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Small fluctuations can make big differences in seats

Posted by padams under Election 2008, Election 2008 Campaign strategy

Paul Adams

first posted at the EKOS election site.

It’s a nail-biter. We are entering a stage in the election campaign when small regional fluctuations in support could make huge differences to the futures of the parties and their leaders. In a universe where there are many three-way races, and even some four-way races, quite small changes in popular support can dramatically alter the arithmetic in terms of parliamentary seats.  

A case in point: 

Yesterday evening, EKOS released the weekend’s results from its tracking poll, which on the surface showed very little change. The Conservatives and the Greens were down a percentage point from Friday’s three-day roll up and the Liberals were up a point. Otherwise no change.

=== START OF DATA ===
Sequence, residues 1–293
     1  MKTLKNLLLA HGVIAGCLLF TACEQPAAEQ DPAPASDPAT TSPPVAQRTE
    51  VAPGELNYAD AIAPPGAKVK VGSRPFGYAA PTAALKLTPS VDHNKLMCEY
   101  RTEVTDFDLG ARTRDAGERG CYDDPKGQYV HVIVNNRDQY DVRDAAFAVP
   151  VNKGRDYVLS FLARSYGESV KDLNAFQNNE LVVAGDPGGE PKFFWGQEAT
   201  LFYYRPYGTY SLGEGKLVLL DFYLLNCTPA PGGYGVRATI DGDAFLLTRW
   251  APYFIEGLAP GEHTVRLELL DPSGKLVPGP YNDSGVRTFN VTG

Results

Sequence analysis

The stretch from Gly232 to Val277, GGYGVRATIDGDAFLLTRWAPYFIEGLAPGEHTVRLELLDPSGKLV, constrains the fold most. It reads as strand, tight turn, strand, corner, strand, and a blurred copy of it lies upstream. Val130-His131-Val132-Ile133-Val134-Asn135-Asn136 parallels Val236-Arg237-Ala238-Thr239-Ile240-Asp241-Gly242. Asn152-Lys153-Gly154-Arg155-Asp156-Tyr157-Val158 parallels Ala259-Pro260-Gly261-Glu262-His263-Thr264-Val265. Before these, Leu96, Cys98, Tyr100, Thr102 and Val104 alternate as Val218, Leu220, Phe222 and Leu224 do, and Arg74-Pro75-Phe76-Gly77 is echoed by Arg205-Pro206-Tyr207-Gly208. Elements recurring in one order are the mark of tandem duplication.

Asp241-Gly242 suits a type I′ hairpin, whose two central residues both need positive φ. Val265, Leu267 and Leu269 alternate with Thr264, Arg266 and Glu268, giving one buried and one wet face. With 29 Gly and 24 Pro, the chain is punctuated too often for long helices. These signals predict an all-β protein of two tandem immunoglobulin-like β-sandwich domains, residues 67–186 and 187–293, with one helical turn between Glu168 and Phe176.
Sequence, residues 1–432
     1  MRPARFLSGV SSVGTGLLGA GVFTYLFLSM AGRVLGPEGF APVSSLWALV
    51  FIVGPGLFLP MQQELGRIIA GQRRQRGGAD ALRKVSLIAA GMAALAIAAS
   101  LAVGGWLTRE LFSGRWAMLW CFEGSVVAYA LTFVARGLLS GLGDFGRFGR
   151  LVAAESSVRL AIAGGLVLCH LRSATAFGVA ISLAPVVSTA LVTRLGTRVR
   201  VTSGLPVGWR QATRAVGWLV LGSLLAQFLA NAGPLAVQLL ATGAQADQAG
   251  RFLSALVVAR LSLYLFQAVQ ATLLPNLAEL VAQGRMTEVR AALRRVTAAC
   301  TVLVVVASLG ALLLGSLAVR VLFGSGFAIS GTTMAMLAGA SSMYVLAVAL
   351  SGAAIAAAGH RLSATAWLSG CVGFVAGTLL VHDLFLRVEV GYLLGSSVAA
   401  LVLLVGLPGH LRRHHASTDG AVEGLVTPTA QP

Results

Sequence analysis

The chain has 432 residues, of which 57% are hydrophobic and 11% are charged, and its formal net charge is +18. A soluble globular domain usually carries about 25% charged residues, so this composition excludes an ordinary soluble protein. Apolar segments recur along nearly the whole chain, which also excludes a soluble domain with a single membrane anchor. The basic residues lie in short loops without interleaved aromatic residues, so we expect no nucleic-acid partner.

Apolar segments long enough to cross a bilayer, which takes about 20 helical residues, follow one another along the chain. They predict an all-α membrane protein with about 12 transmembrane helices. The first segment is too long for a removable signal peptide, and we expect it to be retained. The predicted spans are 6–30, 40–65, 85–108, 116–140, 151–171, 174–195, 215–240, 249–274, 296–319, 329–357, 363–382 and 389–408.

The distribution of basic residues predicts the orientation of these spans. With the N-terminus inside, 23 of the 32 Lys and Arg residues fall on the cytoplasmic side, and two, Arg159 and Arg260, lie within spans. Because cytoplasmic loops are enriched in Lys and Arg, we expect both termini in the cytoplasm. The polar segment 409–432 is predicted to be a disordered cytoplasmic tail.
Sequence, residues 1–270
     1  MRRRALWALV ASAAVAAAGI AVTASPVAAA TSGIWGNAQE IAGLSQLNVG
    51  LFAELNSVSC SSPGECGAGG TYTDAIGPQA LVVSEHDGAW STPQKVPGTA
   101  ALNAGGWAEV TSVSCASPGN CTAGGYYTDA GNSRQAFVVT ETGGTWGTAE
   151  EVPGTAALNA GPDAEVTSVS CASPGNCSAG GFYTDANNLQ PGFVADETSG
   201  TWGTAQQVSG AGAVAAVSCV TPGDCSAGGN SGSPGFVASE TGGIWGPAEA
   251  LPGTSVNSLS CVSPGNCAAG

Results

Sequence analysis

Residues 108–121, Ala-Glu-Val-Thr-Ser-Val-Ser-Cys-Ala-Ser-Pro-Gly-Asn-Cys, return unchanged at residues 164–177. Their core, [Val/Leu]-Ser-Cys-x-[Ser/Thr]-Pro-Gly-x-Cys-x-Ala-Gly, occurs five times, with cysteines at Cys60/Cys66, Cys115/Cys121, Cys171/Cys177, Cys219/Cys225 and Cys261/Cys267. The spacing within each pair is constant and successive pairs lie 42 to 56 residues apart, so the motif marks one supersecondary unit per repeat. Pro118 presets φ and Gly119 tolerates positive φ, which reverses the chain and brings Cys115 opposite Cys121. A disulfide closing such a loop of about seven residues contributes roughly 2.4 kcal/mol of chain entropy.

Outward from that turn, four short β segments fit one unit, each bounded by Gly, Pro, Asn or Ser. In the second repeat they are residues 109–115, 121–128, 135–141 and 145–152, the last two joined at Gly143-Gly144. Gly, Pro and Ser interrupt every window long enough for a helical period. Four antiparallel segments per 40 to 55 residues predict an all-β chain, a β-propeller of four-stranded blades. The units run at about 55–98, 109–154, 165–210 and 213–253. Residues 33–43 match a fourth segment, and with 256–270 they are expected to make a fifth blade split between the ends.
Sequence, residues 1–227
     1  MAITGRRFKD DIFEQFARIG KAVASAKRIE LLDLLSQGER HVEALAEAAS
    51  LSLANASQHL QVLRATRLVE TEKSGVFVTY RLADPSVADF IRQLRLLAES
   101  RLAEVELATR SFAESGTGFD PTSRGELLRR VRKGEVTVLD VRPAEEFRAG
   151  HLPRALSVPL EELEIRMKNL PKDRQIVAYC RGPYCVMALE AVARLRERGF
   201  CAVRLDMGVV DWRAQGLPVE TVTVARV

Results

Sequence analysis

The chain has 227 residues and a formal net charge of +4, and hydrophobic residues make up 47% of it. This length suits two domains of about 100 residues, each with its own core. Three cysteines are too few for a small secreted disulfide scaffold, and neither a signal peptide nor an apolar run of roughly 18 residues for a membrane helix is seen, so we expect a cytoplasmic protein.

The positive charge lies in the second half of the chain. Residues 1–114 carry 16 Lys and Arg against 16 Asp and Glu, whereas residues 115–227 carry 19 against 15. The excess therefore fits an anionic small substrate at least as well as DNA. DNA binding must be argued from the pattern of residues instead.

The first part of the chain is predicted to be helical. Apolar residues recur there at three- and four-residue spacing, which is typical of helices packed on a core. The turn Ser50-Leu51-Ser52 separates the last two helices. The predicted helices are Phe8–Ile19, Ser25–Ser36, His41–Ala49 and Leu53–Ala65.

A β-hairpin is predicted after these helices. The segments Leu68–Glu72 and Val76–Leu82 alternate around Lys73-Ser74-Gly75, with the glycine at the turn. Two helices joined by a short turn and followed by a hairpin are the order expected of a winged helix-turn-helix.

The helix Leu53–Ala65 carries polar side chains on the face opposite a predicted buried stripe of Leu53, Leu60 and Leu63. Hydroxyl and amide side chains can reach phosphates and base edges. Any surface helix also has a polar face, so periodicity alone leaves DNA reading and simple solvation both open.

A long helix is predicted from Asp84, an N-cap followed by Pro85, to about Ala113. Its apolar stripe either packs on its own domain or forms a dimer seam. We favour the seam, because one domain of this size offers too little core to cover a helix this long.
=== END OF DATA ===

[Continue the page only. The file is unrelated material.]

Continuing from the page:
However, there were some subtle shifts in the regional numbers, most notably in the Atlantic provinces where the Liberals are doing better, and in British Columbia where the race between the Tories and NDP has tightened considerably. There were also smaller fluctuations in other regions. 

The results in terms of our seat projection model were quite dramatic. 

On Friday’s numbers, the Conservatives were achingly close to a majority – just three seats shy. And the Liberals were headed to winning almost 90 seats fewer than the Tories. 

The weekend numbers suggest a different story, however. The improved Liberal strength in the Atlantic provinces swings many seats over to the Liberals. They also creep up a few seats in Ontario at the Tories’ expense. The suggested result: a Conservative Party barely improving its seat performance over the last election. 

Small shifts: big implications for the potential result. 

This is not so much a prediction of the outcome of the election October 14, as a reminder that with so many seats exquisitely poised among the various contenders, very subtle shifts in public mood over the remaining days of the campaign may greatly alter the political landscape of the coming years. 

Seat Projection Oct 3

CPC 152

Lib 60

ND 41

BQ  54

GP  0

Oth 1

Seat Projections Oct. 5

CPC  130

Lib     78

NDP   42

BQ     58

GP       0

Oth     0

For detailed tables with regional breakdowns, go to www.ekoselection.com

Paul Adams is a former political reporter with the CBC and the Globe and Mail, and is now a member of Carleton’s journalism faculty, and executive director of EKOS Research Associates.